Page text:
Cedar Rapids Gazette (Newspaper) - May 30, 1974, Cedar Rapids, Iowa MMU m (thy Ct feint ‘l\tt pieta QhtjtHcWhere it all began: purloined ‘Papers’ Editorial Page TSuodav, May 30, 1974 Duncelike and deftly done FOH A CLASSIC lesson in how not to wangle a pay raise one need look no farther than Waterloo, where teachers staged a one-day “sic k in’* last week. Not only did the stratagem fray tilt' patience of sympathetic observers, it gave students an indelible lesson in negate e-style civies. On one day in May, at least, teachers rated the dunce caps. While W aterloo instructors were off playing hooky, teachers in the' Fort Dodge school system took a forceful bargaining stance without demeaning their profession. The means of protest was “working to the rule; that is. performing no tasks that are not required in the school board-facultv contract. Teachers adroitly dramatized their salary plight and reminded the public that they routinely eschew the dock-punching habits of many American workers. Significantly, too, the 208 teachers People s forum Primary challenge To tin* Editor Next Tuesday is election day — tho party primaries. That s hardly news, for the media is alive with reminders paul My hackers of the many candidates. Hut if recent Iowa history is any indication, voter turnout will lie appallingly low Tills is had for self-government Low turnouts simply indicate1 to candidates that people really don’t care who is chosen. This in turn cuts hack on the essential feeling of public responsibility that elected officials must have as motivation it they are properly to serve the public interest. To Republicans, your party fortunes are temporarily low Don’t let them get any lower by staying ut home on election day A shrunken Republican balance in who protested exerted no pressure upon the 85 abstainers Despite the dissimilar means of protest, the school board-faculty disagreements in Waterloo and Fort Dodge both underscore the dilemma lacing educators and policymakers. A teacher should not strike; yet negotiating leverage must be allowed \ teacher deserves cost-of-liv ing increases in addition to tenure-based raises; yet if such decisions were left to tax-paying patrons and the inequity of ancient law. those highly-educated public servants might end up in the bread line. The fate of many a recent school bond election invites that cynical conclusion. ll there is a solution to the teachers’ pay predicament, it has eluded the country's best thinkers. About all we can hope in the meantime is that educators not retard education (luring tin1 search. pol it to moans lopsided competition, permitting overboard actions by Democrats It’s happened before. To Democrats (my party I, the largest, ni'ist talented group of candidates iii the 4o years of my political memory are on tile ballot They’ve worked with extraordinary diligence to appeal for your votes Don't let them down. To independents, you disenfranchise yourselves .lune 4 when you opt lor.no party preference. You sucker yourselves when you pass up the opportunity to participate in selecting the candidates for one of the political parties iii the November election. Many are the political writers who have observed that offices are won and lost in primaries — that iii many instances primaries are far more significant than general elections Fortunately under Iowa law. any independent (who is a registered voter) can show up at his polling place next Tuesday. declare to the election judge his party preference*, ami then cast his primary vote Iii the later general election he can split Ins ticket any way lie eIMH eses Voting is free til charge, a precious right, un important voice iii government By Don Oakley A til NKR ATU >.\ of Vmertcans further removed from the Yid nam tragedy than we. will render the ultimate verdict in the ease of Daniel Ellsberg and the ‘’Pentagon Papers" — whether he was a hero for revealing the story of how tile country got into that war. or whether he Hilted with treason; whether the end justified the means lit1 used. or whether his disclosing of classified documents was a betrayal of his trust as a government employe One thing we can say is that this is where it ail begall the White House plumbers." the breakin at Pie office of Fllsberg s psychiatrist and of Democratic party headquarters, the bugging and surveillance of reporters and administration underlings, tin* Emit committee, .lohn Dean. X it ti I ba Id Cox. tin* "Saturday night massacre." the White House tapes, the subpoenas, the transcripts — iii short, the whole Watergate" drama It all began with the outrage ol a President over the Pentagon Papers, and it may end vv itll the dew nfall of a President I considered the problem of such disclosures as critical to the national sci linty of the Lulled States,” wrote* President Nixon tin* other day in a letter lo I s District Judge (ierhard (iesell. and it was my intent, which I believe I conveyed, that the fullest authority of tin* President under the Constitution and the Political systems have taken a great battering lately — and rightly se Hut systems there must be it we are to have government of any sort < onie on. voters let's rally to the polls next Tuesday John NI Ely . lr ■JIH Twentv-third street NE Misery proliferates To the Editor I lie alternatives reviewed by William Satire — Pp Prometheus down Vilas" (May 2H. editorial page) — are false. To propose that only a resigned sufferer (Atlas by Heilbroner) or a dissatisfied achiever (Prometheus, by Hoorstm) is the only stature man can hope for is to negate any possibly of a happy man To project misery iii alb motive forms only identifies the expected states et the authors and to view these alternatives as basic reveals acceptance by the reviewer Whoever said misery is net self-imp* >sed? Dale I. Net belion Fairfax Daniel Ellsberg law. should be used if necessary to bring a halt to these disclosures Judge (iesell was conducting hearings on pretrial motions bv lawyers for the defendants m the Ellsberg breakin This blunket presidential authorization is their main defense against charges of burglary and violation of civil rights. Two perplexing questions remain (I) Did the President knowingly or unknowingly. before or after the act, encourage or countenance his aides to operate outside the Constitution and the law. not only in tracing and plugging national security leaks but engaging iii political espionageAnd (2). why was there such presidential concern over the Pentagon Papers iii the firsi place'.’ I lie Hist question is one of the matters now before the bouse judiciary committee considering the President ’s impeachment The second we can only continue to wonder about The Nixon administration played no part in tin* high-level thinking and decision-making which initially involved the Tinted States in Vietnam If the Pentagon Papers embarrassed or discredited anyone, it was the previous two administrations Vs for tho baneful effects of tho papers on the security of the Tinted States, it has been three years since their publication. It was not evident then, nor is it evident now, just how their disclosure harmed this country This in wholly apart from the question of to what extent the government must In* able to operate in secrecy or confidentiality, and at what point the right ol the people to be informed about grave decisions tieing made in their name. becomes overriding An it turned out. tile President's ob-session with plugging leaks, real or tanned. and the use of illegal means under the cloak ol "national set linty resulted in the dismissal of the ( barges against Ellsberg Had his trial proceeded, the nation might possibly have learned some useful answers to the questions immediately above It may also have cost Richard Nixon Ins office and the outstanding place he was on the way to attaining iii the Pantheon of American Presidents It seems a foolish gamble that he took a tremendous sacrifice for something ol such questionable aud transitory impoit in the long pull of history New .mux ’ L nlfr pn ,»• Av.<h lotion Isn't it the truth? By Carl Riblet, |r There is a similarity between the wheel and the voter and they were among the earliest inventions of man. They both get well-greased when they squeak and somebody is always taking them for a ride As long as I count the votes what are you going to do about it* — William (Boss) Tweed, 1872 Intl i Oi mm Press Syndicate He could backstop Ford, too Henry s clout may backfire By Louis Harris The Horns Survey XX <)\ FRUH FEMINO 85 percent of the American people rate Secretary ol State* Henry Kissinger a> doing a good-to-exc c lient lob in office. Only lh percent give* him negative marks on his performance This in the highest positive* rating ever recorded in the Harris Survey for a member of the* executive branch of the federal government Furthermore, it comes at a time when President Nixon's standing with the public in VI percent positive un against HH percent negative on his over-all handling ot Iiin responsibilities. There in no doubt that the continuing high murks accorded President Nixon iii loreign polic y matters are the* eon* of lits support. which has withstood the* erosion of Watergate, and at least some of this is attributable directly to the* deep reservoir ol public* confidence in his Nocrctary of state Hire are Nome ot the Kc.vn to Dr Kissinger’s high standing iii public opinion; • IT. ns J j - re cut. Amel leans c redit him wuh being a "highly skilled negotiator. especially ill dealing with the < ommunists matter who is President. In* should stay on as secretary of state." • By (>7-7 percent, they agree with the statement that "In* has done a remarkable job in bringing President Sadat of Egypt over to tin* American and away from the Russian side ” Criticisms of the secretary fall by and large on unsympathetic ears • By 44-28 percent, a plurality reject tin* charge that Dr Kissinger "is taking a lot of gambles and risks with world agreements, without checking with congress, the President, or even the state department." Potentially, this criticism could In* the most serious for tin* socre-t try. particularly if he fails to bring about some negotiated agreement on which high hopes have been aroused By HH-Iii percent. Americans refuse to • By 75-11 percent tie v fee l that 'no Secretary Kissinger go along with the claim that Kissinger is “too cold and unappealing as a personality • By 78-9 percent, they reject the suggestion that “if President Nixon in removed from office. Kissinger should leave* w Uh him." Certainly the thrust of these results points not only to a high degree of public confidence in tile secretary of state, but also to almost as deep a feeling that, ii President Nixon should leave office. Kissinger should remain in his post This puts the Nixon-Kissinger relationship on a double-edged sword. On the one hand, there is no doubt that one reason HH percent of tile public give Mr Nixon high marks on "working for peac e iii the world’’ is confidence iii Dr. Kissinger’s efforts By the* same token. because* most people would not only want but expect him to remain as secretary of state it the President were impeached Dr Kissinger makes it easier for people to accept Vice-president Ford as Mr Nixon n successor \ny deficit tides iii Mr Ford ‘s experience iii international affairs, most feel, would mort* than be made up by retention ut Dr. Kissinger aN secretary of stale iii a Ford administration C'»:. iiyo Tribune Ne A Y< - > N> a S f i i o’e Should congress preserve the anti-poverty agency? By Congressional Quarterly ITI7 ASHING FON — In a last-ditch effort VV to save parts of the* poverty program, some house Democrats find themselves writing an obituary for the Office of Economic Opportunity (DEO), the 10-year-old symbol of the late President Johnson’s "war on poverty These Democrats hope a compromise plan will win enough Republican vote s to override an expected presidential veto The compromise, approved by the house education and labor committee in mid-May. would abolish the poverty agency un such The few remaining DEO programs would be parceled out to cabinet-levcl departments I he strategy evolved because of President Nixon 'n Ntrong opposition to continuing DEO 'n local community action programs for the poor beyond their June .Mi expiration date Nixon tried to kill the antipoverty agency by administrative action in 197:5. but was blocked by a federal court order. Wink* acknowledging the threat posed by a presidential veto, some DEO support! i n feel the committee compromise condemns the poverty program to bureaucratic limbo They particularly object to the committee's decision to house (he community ac tion programs in a new agency within the massive department ol health, education and welfare (HEWJ Should congress preserve the poverty program s independent nIuIun.’ Following are some arguments on both sides of the question Would you believe ii? They re identical twins yji1 The Arguments YES I lie Gazette's opinion OKO IS NOT just a collection of programs which can be moved around the federal bureaucracy at will. its supporters argue It is the only remaining symbol of the federal government's commitment, however small, ti the nation A poor. Scattering OEO’s program throughout the government will destroy the symbol and perhaps the commitment as well. liberals insist. Ffforts to deal with poverty problems could become un haphazard us they were before OKO was created, one house member predicted It in especially unrealistic to expect community ac Hon programs to shi v ive in UKW poverty lobbyists point out because* top HEW officials led efforts to kill them in 197J. II the officials couldn’t strangle the new community action agency with budget freezes and cutbacks. they could smother it with bureaucratic layers and oppressive* regulations inroad A lourth-rate HEW agency is a terrible way to say we’re* lighting povertv. said Lawrence I I'arachini. lr . head of a grassroots group lobbying for OU) The compromise giving up OKO’s independence, he added, wasn't really necessary or even useful Albert Ii Dine ( R- Mi tm i I he most int Incut i.i I Bi publican on the committee, whose support was considered essential to guarantee* enough house voles to override President Nixon's expected veto still opposes Hie compromise We vc given away everything — all our bargaining powe r — at the be ginning." complained committee member Lloyd Meeds ( D W ash ) And we haven t gotten much of anything iii return.*’ (ii assroots support for an independent. wcll-lunded OKO remains impressive A New Orleans Mayor Moon Landrn u has noted cities do riot have tin* resources to run health, education and other programs “except through milking money out of other municipal services”’ ( 0ftqr %DOfiqf Qui if ti r fy Fine idea but puny funding S ^I\( F OVERSEEING people-programs is the health, education and welfare department s prime responsibility, the placing of Office of Economic Opportunity programs under UKW command seems a logical proposal. But when the budget for a rescued and relocated OKO is compared against funds alloted in the war on poverty’s halcyon years, the house education and labor committee’s life raft begins to founder. As christened by the Johnson administration and headed by the community action flagship, OKO received nearly 84 billion yearly. The house bill would provide only $3.8 billion (including $1.58 billion for Head Start) as the total for three fiscal years, 1975 through 77. W hat’s more, the maximum federal share of community action program costs would decrease from SU percent to fib percent. Even if OKO were awash with all tin* administrative waste, criminal misuse of funds and political agitation alleged in the Nixon administration’s 1973 broadside. misspent millions would not have matched the total reduction proposed now for poverty programs. As observed here May 14. the Iowa experience with OEO and community action has run opposite the administration's stereotv pc. Obviously, then, federal aid lor clients in health, employment and other anti-poverty efforts would decrease to a threadbare minimum if the congress accepts the supposedly veto-proof paekgage emerging from house committee The job of fleshing out surviving programs thus would fall to states and communities, winch assignment was proposed in the administration's k 111 - k 11: “Agencies which have impressed their neighbors will likely survive, but at local option on locally controlled revenue ” Tin house hill does provide a local-mateh formula, winch is decidedly superior to the administration’s fanciful notion that revenue sharing funds could be diverted from public works to the war on poverty. Easily the most depressing aspect of the debate over OEO survival is the infrequency of dialog concerning needs of tilt' poor. How many OKO employes will Im* retained? Who will lie iii charge? Who will be answerable to whom? Will transfer to HEW prevent establishment of bureaucratic kingdoms? Pertinent questions all, but not more important than the interests of the disadvantaged, unemployed aud underemployed   ......' * i amil    •    • , v The Arguments NO IV TOW Is the turn* to mow tho hotter 1\ programs OEO Ii.in developed into the regular structure* of tho federal government whore they can he* run l»y professionals, not ideological activists, argue Republicans opposed lo an independent poverty agency. OEO itself "has not done a good job” ol running the* programs. Quo* insists Du ie and other Republicans concede that every special group wants its program considered the most important ol all But the si/e of OKO as it exists now, they contend, inst docs not warrant any special organizational setup They point out th.it HEW has many programs larger than community action winch operate well within Hic* departmental system. I hose hacking the compromise also point out that the committee hill includes special provisions safeguarding the* independence ol community action programs in HEW All OEO employ on would he transferred to the new agency aud the agency s head would report oiilv to the HEW secretary. not a long cham of officials Even liberals displeased with the compromise note that it would at least keep all community action activities w it hill a single agency Other Democ rats urge* OI.O s supporters to face political reality U itll Dine flatly opposed to continuation of an independent poverty agency, efforts to override a presidential veto would lie doomed In the Dual analysis, that (the* compromise) is what s going lo happen whether we want ll lo or not." added a source working on the senate version o| the legislation C UUU! CttlOtUll Quat lei ty 8 op. Qui!.* ;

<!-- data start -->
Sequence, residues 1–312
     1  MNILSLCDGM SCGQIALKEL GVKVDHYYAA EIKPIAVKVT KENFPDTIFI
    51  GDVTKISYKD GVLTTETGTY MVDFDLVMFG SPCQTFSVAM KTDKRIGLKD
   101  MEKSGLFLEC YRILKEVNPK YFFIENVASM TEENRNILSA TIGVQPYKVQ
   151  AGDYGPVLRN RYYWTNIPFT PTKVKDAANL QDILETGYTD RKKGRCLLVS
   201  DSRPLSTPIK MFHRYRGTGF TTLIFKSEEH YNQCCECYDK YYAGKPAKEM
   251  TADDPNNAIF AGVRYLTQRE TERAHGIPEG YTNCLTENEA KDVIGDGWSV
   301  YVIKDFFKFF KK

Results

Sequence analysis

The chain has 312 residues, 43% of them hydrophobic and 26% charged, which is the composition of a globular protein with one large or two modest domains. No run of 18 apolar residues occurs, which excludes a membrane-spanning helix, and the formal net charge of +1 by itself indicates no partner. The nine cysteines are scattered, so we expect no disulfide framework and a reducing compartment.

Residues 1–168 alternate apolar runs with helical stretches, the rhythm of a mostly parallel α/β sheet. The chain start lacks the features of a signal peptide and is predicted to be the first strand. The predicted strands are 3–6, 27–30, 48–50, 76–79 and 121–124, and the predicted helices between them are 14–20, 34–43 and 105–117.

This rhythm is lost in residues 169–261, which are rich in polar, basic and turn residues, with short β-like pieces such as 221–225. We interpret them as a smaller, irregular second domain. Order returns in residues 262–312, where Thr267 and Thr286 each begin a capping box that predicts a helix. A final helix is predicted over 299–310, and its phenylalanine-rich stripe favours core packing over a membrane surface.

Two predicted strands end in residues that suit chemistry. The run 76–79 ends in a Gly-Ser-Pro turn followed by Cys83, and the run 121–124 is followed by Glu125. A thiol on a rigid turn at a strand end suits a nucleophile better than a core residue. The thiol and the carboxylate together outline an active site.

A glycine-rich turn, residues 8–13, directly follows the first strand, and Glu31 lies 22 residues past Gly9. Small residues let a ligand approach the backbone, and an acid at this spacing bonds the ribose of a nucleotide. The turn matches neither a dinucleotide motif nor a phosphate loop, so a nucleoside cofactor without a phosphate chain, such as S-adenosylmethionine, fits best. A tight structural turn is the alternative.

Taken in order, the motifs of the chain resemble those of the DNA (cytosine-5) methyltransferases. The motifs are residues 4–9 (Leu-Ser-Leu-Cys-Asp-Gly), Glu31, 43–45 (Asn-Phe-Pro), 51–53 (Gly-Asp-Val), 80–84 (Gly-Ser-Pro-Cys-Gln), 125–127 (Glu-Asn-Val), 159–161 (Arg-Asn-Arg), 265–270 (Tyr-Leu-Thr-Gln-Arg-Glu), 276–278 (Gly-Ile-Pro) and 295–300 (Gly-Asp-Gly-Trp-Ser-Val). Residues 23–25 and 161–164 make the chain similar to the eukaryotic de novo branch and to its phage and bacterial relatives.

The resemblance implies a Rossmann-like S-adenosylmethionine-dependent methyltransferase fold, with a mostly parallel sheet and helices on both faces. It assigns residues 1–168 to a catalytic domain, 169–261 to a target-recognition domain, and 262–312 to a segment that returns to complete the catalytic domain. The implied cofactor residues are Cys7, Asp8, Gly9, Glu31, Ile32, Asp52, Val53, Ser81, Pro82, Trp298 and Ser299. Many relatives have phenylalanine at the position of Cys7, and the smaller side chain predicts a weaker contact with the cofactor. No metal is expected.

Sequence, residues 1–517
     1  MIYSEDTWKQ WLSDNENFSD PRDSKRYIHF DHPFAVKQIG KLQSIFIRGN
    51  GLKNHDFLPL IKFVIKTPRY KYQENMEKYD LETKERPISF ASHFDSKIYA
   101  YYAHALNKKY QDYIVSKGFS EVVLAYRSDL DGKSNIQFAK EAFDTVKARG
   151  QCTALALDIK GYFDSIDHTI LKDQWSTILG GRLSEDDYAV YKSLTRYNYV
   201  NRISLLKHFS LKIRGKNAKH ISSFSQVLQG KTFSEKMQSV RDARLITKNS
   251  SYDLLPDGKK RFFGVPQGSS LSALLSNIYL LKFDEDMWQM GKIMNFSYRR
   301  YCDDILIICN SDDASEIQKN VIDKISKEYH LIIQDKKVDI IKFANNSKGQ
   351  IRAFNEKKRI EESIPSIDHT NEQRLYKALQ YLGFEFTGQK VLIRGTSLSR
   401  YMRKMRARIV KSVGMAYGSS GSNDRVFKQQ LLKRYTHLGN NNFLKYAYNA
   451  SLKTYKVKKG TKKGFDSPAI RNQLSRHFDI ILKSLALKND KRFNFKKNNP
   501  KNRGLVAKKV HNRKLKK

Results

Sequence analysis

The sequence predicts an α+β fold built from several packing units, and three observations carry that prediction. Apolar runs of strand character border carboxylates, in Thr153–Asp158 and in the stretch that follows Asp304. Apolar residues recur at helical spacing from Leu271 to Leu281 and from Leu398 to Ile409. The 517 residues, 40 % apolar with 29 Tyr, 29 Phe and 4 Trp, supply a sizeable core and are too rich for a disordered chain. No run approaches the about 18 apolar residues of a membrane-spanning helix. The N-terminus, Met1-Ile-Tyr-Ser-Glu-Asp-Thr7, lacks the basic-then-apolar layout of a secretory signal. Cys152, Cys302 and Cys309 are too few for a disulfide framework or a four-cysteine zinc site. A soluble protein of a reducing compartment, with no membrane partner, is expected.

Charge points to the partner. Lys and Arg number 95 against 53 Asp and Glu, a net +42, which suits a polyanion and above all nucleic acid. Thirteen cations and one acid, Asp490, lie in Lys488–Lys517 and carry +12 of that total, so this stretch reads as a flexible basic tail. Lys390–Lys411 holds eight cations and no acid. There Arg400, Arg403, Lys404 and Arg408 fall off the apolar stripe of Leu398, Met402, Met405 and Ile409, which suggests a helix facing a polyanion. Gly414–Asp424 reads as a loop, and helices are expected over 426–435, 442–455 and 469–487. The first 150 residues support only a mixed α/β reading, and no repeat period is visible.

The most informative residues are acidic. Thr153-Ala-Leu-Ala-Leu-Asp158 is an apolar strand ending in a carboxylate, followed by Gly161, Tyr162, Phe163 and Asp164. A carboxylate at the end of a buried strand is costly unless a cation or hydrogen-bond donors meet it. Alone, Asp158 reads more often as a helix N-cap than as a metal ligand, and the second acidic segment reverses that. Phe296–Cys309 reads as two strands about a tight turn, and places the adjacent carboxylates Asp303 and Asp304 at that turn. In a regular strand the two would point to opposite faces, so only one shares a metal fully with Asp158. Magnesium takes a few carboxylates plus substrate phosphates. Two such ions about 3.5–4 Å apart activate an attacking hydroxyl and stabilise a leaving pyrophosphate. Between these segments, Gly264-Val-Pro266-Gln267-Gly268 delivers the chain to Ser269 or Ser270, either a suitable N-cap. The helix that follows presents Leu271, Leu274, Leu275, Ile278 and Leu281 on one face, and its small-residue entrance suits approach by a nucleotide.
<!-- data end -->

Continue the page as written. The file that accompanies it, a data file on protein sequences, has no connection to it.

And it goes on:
• Carl Riblet
  • Daniel Ellsberg
  • Don Oakley
  • Henry Kissinger
  • Lloyd Meeds
  • Louis Harris
  • Richard Nixon
  • William Satire

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Publication: Cedar Rapids Gazette

Location: Cedar Rapids, Iowa

Issue Date: May 30, 1974